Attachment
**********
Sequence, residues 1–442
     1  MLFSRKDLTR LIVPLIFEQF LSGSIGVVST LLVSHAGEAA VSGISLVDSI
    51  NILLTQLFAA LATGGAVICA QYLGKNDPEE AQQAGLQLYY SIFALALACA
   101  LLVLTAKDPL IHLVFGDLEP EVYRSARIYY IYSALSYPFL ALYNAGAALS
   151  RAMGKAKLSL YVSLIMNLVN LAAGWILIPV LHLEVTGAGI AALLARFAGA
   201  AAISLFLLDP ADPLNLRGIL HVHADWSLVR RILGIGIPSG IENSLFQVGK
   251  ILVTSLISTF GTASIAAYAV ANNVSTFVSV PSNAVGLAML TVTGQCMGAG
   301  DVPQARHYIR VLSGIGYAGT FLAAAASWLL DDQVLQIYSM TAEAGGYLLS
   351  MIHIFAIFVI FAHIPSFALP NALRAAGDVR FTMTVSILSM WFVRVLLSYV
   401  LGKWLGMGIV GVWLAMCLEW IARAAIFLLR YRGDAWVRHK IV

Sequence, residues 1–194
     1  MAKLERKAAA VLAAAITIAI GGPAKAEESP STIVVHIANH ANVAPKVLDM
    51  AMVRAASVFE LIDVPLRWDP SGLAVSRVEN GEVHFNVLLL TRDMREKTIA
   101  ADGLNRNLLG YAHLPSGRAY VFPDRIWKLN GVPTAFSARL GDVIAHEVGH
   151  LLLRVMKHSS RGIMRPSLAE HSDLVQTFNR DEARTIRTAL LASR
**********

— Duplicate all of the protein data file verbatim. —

Sequence, residues 1–442
     1  MLFSRKDLTR LIVPLIFEQF LSGSIGVVST LLVSHAGEAA VSGISLVDSI
    51  NILLTQLFAA LATGGAVICA QYLGKNDPEE AQQAGLQLYY SIFALALACA
   101  LLVLTAKDPL IHLVFGDLEP EVYRSARIYY IYSALSYPFL ALYNAGAALS
   151  RAMGKAKLSL YVSLIMNLVN LAAGWILIPV LHLEVTGAGI AALLARFAGA
   201  AAISLFLLDP ADPLNLRGIL HVHADWSLVR RILGIGIPSG IENSLFQVGK
   251  ILVTSLISTF GTASIAAYAV ANNVSTFVSV PSNAVGLAML TVTGQCMGAG
   301  DVPQARHYIR VLSGIGYAGT FLAAAASWLL DDQVLQIYSM TAEAGGYLLS
   351  MIHIFAIFVI FAHIPSFALP NALRAAGDVR FTMTVSILSM WFVRVLLSYV
   401  LGKWLGMGIV GVWLAMCLEW IARAAIFLLR YRGDAWVRHK IV

Sequence, residues 1–194
     1  MAKLERKAAA VLAAAITIAI GGPAKAEESP STIVVHIANH ANVAPKVLDM
    51  AMVRAASVFE LIDVPLRWDP SGLAVSRVEN GEVHFNVLLL TRDMREKTIA
   101  ADGLNRNLLG YAHLPSGRAY VFPDRIWKLN GVPTAFSARL GDVIAHEVGH
   151  LLLRVMKHSS RGIMRPSLAE HSDLVQTFNR DEARTIRTAL LASR